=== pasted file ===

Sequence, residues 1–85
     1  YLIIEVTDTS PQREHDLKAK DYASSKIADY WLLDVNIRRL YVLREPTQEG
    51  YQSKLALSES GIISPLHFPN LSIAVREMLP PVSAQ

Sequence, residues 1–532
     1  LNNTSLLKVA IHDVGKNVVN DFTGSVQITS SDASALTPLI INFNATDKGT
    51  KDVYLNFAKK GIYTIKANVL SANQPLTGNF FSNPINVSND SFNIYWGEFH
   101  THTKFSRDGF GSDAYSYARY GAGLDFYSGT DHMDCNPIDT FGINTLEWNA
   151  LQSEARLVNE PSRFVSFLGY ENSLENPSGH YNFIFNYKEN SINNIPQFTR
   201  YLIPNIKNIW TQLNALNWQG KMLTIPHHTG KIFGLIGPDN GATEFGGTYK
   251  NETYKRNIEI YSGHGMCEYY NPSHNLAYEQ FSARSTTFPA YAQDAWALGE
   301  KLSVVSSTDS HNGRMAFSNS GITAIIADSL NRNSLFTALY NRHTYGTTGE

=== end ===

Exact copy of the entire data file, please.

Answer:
Sequence, residues 1–85
     1  YLIIEVTDTS PQREHDLKAK DYASSKIADY WLLDVNIRRL YVLREPTQEG
    51  YQSKLALSES GIISPLHFPN LSIAVREMLP PVSAQ

Sequence, residues 1–532
     1  LNNTSLLKVA IHDVGKNVVN DFTGSVQITS SDASALTPLI INFNATDKGT
    51  KDVYLNFAKK GIYTIKANVL SANQPLTGNF FSNPINVSND SFNIYWGEFH
   101  THTKFSRDGF GSDAYSYARY GAGLDFYSGT DHMDCNPIDT FGINTLEWNA
   151  LQSEARLVNE PSRFVSFLGY ENSLENPSGH YNFIFNYKEN SINNIPQFTR
   201  YLIPNIKNIW TQLNALNWQG KMLTIPHHTG KIFGLIGPDN GATEFGGTYK
   251  NETYKRNIEI YSGHGMCEYY NPSHNLAYEQ FSARSTTFPA YAQDAWALGE
   301  KLSVVSSTDS HNGRMAFSNS GITAIIADSL NRNSLFTALY NRHTYGTTGE